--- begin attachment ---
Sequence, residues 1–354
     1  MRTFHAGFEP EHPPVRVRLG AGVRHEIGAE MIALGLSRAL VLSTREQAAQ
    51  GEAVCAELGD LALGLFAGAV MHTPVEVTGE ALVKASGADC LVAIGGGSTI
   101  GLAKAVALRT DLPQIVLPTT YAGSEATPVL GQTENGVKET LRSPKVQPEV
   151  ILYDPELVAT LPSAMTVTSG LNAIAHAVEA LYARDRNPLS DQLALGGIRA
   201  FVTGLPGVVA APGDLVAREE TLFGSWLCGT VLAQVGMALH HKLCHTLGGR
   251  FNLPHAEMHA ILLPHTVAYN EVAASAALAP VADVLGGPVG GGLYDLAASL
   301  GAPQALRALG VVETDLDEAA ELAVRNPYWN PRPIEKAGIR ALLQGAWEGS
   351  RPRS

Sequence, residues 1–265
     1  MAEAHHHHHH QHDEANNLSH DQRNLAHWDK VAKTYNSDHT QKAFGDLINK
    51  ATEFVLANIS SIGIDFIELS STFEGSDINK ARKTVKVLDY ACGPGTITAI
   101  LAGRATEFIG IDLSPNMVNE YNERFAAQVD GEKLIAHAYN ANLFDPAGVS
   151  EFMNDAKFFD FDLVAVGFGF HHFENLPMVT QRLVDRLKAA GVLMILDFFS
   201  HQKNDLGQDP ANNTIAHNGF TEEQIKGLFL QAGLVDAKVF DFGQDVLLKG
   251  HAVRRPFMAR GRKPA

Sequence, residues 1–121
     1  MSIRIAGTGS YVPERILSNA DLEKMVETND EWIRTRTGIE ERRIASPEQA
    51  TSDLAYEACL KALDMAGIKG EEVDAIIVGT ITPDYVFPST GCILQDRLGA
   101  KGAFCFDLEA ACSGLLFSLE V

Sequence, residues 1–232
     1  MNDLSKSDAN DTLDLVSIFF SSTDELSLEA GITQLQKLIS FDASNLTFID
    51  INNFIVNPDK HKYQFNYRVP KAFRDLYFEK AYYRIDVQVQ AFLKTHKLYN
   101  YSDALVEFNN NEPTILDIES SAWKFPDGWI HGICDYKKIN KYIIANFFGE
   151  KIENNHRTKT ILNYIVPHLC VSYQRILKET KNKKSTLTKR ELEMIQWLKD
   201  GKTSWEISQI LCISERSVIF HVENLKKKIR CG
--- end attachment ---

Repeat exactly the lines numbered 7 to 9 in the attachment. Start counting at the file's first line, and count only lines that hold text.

   251  FNLPHAEMHA ILLPHTVAYN EVAASAALAP VADVLGGPVG GGLYDLAASL
   301  GAPQALRALG VVETDLDEAA ELAVRNPYWN PRPIEKAGIR ALLQGAWEGS
   351  RPRS